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This episode brings a brand new, never-before-seen challenge to the tent: batters. Loose concoctions of flour and liquid and other stuff that, for the most part, are never baked. In fact, two of the three challenges don’t use the oven at all, and for a show that’s about baking in ovens, that might as well be a recipe for disaster.
Signature Round: Yorkshire Puddings
Yorkshire pudding is one of the five British foods that most Americans have heard of because it's served at the English-themed restaurant in Disney World. Traditionally it's made to accompany roast beef: after you remove the beef from the oven and set it on a platter to rest, you pour the batter into the still-hot pan that’s full of meat drippings, then bake it at high heat until it puffs up wildly. Once the beef has rested and been carved, the pudding is done. It’s a remarkably easy comfort food that’s a Sunday dinner staple in most English homes.
So how will this show make it as difficult as possible? They will demand 24 miniature puddings that are all completely identical. If you’ve ever made a Yorkshire pudding, you know how insane this sounds. If you haven’t, then you’re just going to have to trust me that it’s insane.
This is one of those rounds where I appreciate traditionalism, because in all honesty there’s few things better than a proper British Sunday dinner. Jane’s filling hers with mushy peas (brilliant!), topping it with thinly sliced roast beef, a touch of horseradish cream, and a spiralized cap of crispy potatoes (more brilliant!). The judges agree and give her the most enthusiastic reaction of this round. The inverse of this is Tom, who won Star Baker last week with seaweed flecked bread, and this week needs to learn to calm the fuck down. He tries an Indian-inspired pudding that replaces wheat flour with finely ground chickpeas. Rule one of baking is that, unless you really know what you’re doing, ingredients are not interchangeable, ESPECIALLY when it comes to flour. The fact that they came out as flat dense patties is not surprising. The other contestants who blew this challenge should be ecstatic that Tom screwed the pooch here, because failing due to a fundamental lack of understanding of ingredients is pretty much unforgivable.
Someone who actually pulls off an Indian-inspired pudding is Turbo-Ginger Andrew. Not only does he continue to wow as a redhead, but he also gets Paul to say, “I like the way you toasted your nuts”, which is the first time Paul mentions nuts (pronounced “nootz”) this season. Yes, I keep track of these things.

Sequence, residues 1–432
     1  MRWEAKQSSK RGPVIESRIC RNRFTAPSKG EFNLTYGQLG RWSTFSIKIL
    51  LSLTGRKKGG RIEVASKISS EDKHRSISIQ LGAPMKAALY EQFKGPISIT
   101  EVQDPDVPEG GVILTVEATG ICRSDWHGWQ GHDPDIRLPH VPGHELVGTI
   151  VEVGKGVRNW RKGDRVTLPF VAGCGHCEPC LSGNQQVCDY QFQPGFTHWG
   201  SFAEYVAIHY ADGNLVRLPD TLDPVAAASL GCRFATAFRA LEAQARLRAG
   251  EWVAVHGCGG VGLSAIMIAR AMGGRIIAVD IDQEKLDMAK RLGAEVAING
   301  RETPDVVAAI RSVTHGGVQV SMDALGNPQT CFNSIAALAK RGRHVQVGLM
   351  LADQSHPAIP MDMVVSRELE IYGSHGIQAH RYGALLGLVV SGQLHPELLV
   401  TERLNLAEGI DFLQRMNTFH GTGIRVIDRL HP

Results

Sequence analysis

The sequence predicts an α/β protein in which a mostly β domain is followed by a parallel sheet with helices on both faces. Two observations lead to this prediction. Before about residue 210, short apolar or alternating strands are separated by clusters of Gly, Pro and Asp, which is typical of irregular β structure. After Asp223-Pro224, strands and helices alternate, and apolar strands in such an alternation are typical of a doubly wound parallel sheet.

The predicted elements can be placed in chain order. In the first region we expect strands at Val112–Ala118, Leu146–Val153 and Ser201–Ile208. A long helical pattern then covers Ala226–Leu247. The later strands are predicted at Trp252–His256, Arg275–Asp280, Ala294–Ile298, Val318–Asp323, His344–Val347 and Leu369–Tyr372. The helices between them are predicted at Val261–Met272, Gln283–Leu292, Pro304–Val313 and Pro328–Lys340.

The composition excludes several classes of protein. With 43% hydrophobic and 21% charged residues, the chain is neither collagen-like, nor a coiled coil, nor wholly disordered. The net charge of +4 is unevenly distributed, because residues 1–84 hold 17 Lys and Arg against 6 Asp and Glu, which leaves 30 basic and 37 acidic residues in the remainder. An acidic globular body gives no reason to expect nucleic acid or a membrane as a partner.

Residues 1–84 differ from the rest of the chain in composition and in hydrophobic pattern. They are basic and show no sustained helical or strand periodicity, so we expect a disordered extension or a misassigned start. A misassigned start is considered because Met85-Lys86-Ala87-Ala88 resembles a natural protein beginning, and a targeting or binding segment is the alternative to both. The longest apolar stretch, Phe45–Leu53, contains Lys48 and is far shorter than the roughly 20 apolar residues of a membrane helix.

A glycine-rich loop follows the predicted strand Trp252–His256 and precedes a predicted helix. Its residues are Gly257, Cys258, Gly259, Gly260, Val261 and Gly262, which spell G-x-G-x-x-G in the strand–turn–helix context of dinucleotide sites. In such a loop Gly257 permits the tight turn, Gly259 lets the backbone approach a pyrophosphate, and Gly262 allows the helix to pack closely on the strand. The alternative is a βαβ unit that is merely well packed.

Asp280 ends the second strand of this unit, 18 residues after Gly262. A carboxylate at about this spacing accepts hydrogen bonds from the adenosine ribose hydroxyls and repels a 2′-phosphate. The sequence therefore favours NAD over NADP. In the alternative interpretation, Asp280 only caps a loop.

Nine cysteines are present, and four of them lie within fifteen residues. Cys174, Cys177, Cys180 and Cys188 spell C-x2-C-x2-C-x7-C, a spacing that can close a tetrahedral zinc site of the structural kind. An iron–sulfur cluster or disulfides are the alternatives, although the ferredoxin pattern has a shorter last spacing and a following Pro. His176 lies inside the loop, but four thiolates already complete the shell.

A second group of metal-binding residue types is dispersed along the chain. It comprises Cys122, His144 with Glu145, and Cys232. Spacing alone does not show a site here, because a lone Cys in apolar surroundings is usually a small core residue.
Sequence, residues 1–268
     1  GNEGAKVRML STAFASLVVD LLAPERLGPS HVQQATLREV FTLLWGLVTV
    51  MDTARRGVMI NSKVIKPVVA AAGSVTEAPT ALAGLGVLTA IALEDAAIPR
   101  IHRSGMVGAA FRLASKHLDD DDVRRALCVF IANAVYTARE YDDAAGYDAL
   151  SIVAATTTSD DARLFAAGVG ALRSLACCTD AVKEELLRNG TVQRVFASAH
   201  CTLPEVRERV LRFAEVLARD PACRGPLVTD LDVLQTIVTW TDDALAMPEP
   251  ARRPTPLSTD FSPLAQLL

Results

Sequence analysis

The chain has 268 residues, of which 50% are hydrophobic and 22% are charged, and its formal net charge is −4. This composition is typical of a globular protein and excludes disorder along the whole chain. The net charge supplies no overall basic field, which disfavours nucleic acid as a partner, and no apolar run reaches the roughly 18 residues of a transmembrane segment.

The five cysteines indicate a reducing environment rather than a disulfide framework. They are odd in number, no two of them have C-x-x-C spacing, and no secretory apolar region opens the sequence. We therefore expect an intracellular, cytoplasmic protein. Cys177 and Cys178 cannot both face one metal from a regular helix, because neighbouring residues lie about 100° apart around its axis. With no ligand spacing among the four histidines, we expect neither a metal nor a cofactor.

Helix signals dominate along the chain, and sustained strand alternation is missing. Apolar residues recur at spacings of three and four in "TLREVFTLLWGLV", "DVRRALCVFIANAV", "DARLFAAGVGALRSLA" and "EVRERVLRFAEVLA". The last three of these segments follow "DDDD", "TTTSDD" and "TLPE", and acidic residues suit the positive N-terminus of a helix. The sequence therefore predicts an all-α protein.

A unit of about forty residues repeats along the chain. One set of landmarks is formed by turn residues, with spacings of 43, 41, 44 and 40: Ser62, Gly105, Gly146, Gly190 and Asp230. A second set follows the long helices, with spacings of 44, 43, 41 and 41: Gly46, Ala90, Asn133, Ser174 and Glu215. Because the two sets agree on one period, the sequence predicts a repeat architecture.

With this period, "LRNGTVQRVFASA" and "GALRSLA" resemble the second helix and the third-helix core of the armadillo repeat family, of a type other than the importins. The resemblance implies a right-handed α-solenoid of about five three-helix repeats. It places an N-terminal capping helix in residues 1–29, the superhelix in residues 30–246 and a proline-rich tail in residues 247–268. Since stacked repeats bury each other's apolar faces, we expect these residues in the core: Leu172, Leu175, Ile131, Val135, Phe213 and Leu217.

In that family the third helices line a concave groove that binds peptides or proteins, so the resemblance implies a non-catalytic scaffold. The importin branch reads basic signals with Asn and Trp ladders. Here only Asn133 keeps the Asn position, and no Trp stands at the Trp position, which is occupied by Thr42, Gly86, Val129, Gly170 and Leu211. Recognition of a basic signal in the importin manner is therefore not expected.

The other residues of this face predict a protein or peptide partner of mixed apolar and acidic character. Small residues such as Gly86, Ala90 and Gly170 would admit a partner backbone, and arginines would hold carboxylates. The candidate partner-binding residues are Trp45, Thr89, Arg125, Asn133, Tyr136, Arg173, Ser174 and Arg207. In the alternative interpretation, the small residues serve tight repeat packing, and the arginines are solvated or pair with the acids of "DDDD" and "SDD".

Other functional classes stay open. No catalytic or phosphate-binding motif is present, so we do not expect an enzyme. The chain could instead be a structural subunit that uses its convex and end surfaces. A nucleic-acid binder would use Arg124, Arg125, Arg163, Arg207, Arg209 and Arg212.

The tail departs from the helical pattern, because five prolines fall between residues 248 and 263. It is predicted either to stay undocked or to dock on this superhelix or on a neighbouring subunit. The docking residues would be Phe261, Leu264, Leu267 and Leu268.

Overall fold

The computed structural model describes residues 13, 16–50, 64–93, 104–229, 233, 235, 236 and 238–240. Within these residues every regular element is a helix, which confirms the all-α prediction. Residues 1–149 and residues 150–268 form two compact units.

Technical round: Lace Pancakes
This is the second non baking technical on the show, with last week’s dampfnudeln also prepared on the stovetop. None of these people trained for this. This is as extreme of a plot twist as the BBC will allow.
Fun fact: Those fancy patterned pancakes you see people making on YouTube are more legit than we thought! A recipe for them is found in one of history’s oldest printed cookbooks—from 1615, to be precise. They were considered a delicacy to be served on bone china for only the richest members of society. Meanwhile, my asshole kids will shove these things into their mouths using their bare hands wearing nothing but socks and underpants, because no matter how lacy and refined my pancakes are, it will not change the fact that 10 year old boys are feral animals.
Showstopper round: Churros
I thought this was a pretty weak idea for a challenge, until I found out some of the contestants have never had a churro! What the hell do these people eat at amusement parks or bowling alleys?! What snacks are they buying from sketchy men pushing dirty shopping carts on the subway?
The bakers must make 36 identical churros, which can be filled, glazed, served with dipping sauce—whatever. The top only requirement is that they must be sweet. That’s it. Seems pretty easy, but then Andrew’s batter gets stuck in his piping bag, and I start screaming “OH MY GOD USE A BIGGER TIP, YOU PASTY MORON!” We have now reached the point of the season where I will explode into a furious rage over things like pastry tips. I’m proud of myself for holding out as long as I did.
Rav, the hot mess who somehow manages to slip through every week, is the first person to illustrate how frying usually goes wrong: overloading the fryer. When you add cold things to oil, it drops the temperature by a few degrees. The more you add, the lower the temperature gets, the longer the food takes to fry, and the greasier it comes out. The trick is frying only a few at a time, and giving the oil a few minutes to come back up to temperature before adding another batch. Just about everyone makes this mistake, because this isn't the Great British Frying Show.
Let’s check in on Tom, who is very much in danger after a poor showing in technical. He decided to do a “snake in the grass” theme with fennel-flavored churros, because when your head's on the chopping block you should absolutely ignore the top requirement. Paul’s like, “Fennel is savory.” And Tom’s like, “Yeah, but you know, I’m going to make it sweet, because I’m edgy”, and Paul’s like, “DUDE. C’mon!” And Tom’s like, “No, I’m a bad boy with a heart of gold and you’re going to love my snake Paul Hollywood”.
Paul does not like his snake. Don’t ever tell Paul Hollywood what he likes.
But Tom doesn’t go home. The person leaving the tent is...Kate? The woman who has consistently been first runner up and probably should have been Star Baker at least once? Sure, she had a terrible week, but surely this could have been overlooked considering Rav is still on the show.
Star Baker goes to Benjamina, the only person who is more boring that Rav. I actually forgot she was even a contestant until this episode. She did a damn good job, and I’m hoping that she’ll find a way to become interesting next week.
Next Week: PASTRY! They’re going to make filo dough. God help them all.